The last (and first) installment in my ever popular “Without Losing Your Damned Mind” blog series, How to Connect to with Multiple Office 365 Accounts in your Browser without Losing Your Damned Mind, was a mild success, and the series was picked up. We decided it was time for a sequel, and here it is.
As an IT Pro/Administrator in the Microsoft space you have to love PowerShell. You don’t have to be an expert in it (though that really helps, I envy those guys) but you have to be confident enough with PowerShell that you can see some PowerShell on the web and be able to understand what it’s doing before you run it yourself. The way you do that is slowly, after months and years, forcing yourself to do tasks in PowerShell no matter how much it sucks. In the context of Office 365 that can get cumbersome because you have to authenticate against cloud services all the time, with many different accounts, and that requires that cursed act of typing your password. Over and over and over again. I hate typing passwords so very much. It gets worse when sometimes I’m connecting as me, sometimes as my own tenant global admin, sometimes as a customer’s tenant admin, sometimes as a different customer’s admin, it never ends.
A while back I started using Windows’ Credential Manager to manage my PowerShell logins, and that’s what this blog post is going to be about. I will assume you already know how to connect to Office 365 and Azure with PowerShell and that you have all of the necessary modules, executables, and the like installed.
The secret sauce that makes this all bearable is a PowerShell module called PowerShell Credential Manager. This little beauty uses native PowerShell to access the Credential Manager in Windows. There are other modules that do similar things, and you can actually do all of this yourself in PowerShell without a module. I’ve found this module to be the best that works for me, but this process is the same regardless of what you use.
You can install it with this line:
Install-Module -Name CredentialManager
It installs the following cmdlets:
You can use New-StoredCredential to put a new entry in the Windows Credential Manager. You can also use the Credential Manager UI to do it. It’s all the same. To create a credential with New-StoredCredential use something like this:
New-StoredCredential –Target O365Admin –username email@example.com -password pass@word1 –Persist LocalMachine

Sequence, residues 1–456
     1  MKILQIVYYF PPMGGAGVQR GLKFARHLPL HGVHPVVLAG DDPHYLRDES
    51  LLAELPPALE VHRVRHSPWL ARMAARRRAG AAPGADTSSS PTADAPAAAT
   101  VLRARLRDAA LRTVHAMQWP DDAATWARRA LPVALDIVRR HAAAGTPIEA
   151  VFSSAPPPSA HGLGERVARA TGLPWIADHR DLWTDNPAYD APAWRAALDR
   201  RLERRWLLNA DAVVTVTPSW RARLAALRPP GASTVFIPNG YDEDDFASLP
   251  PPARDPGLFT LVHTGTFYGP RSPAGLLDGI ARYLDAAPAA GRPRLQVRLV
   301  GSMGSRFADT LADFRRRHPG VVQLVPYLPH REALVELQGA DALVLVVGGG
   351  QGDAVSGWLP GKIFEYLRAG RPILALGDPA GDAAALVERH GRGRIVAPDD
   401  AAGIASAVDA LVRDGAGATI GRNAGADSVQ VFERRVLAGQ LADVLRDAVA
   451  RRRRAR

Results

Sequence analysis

New-StoredCredential –Target Jimmy –username Jimmy@tenant1.onmicrosoft.com -password pass@word1 –Persist LocalMachine
New-StoredCredential –Target OtherAdmin –username firstname.lastname@example.org -password pass@word1 –Persist LocalMachine
And so on. A couple of things of note. First, all of the passwords are in plain text. If you’re running a transcript make sure you clear those out. Also, the –Persist switch is important. If you don’t add that, the Stored Credential will vanish into the ether when you close this PowerShell window. You won’t know why it doesn’t work the next and you’ll be very confused. Maybe that’s just me. You can also add a comment for the credential with the –Comment parameter.
Running the command looks like this:
The entries look like this in Windows:
You can get to this screen in Control Panel, or by typing “cred” in the Start Menu. The credentials you create in PowerShell will show up under “Generic Credentials” and you can use anything that’s already there. You can also create credentials with the cleverly named, “Add a generic credential” link at the top. It doesn’t matter how they get there, it just matters that they’re there. You can create as many credentials as you want. There’s no charge.
Now that we’ve loaded the Credential Store up with some yummy Office 365 Credentials, how do we use? The magic word is Get-StoredCredential.
We can use Get-StoredCredential to securely pull credentials from the Credential Manager and pass them to a PowerShell cmdlet. You can save them in a variable, or just call it directly when you connect. Here is how you connect to Azure AD:
Connect-MsolService -Credential (Get-StoredCredential -Target O365Admin)
It looks like this:
No passwords were typed (Hooray!) and that means you can securely automate it. The process is the same for other Connect style cmdlets. Here are a couple of examples:
Connect-AzureAD -Credential (Get-StoredCredential -Target O365Admin)
Connect-SPOService -Url https://blogpost-admin.sharepoint.com -Credential (Get-StoredCredential -Target O365Admin)
If I wanted to sign in as the Jimmy account, I would pass that to the –Target parameter:
Connect-SPOService -Url https://blogpost-admin.sharepoint.com -Credential (Get-StoredCredential -Target Jimmy )
I’m a frequent user of the PnP PowerShell. I’d give up sliced bread before I gave them up. While you can use this same approach with them, you have another option that’s even less typing:
Connect-PnPOnline -Url https://blogpost-admin.sharepoint.com -Credential O365Admin
The Connect-PnPOnline cmdlet (and maybe others) natively know to check the Credential Manager if it’s passed a string.
That’s all there is to it. Once you create a credential it’s yours to use however you’d like, as often as you’d like. This isn’t restricted to Office 365, either. Any PowerShell cmdlets that take credentials can take advantage of this.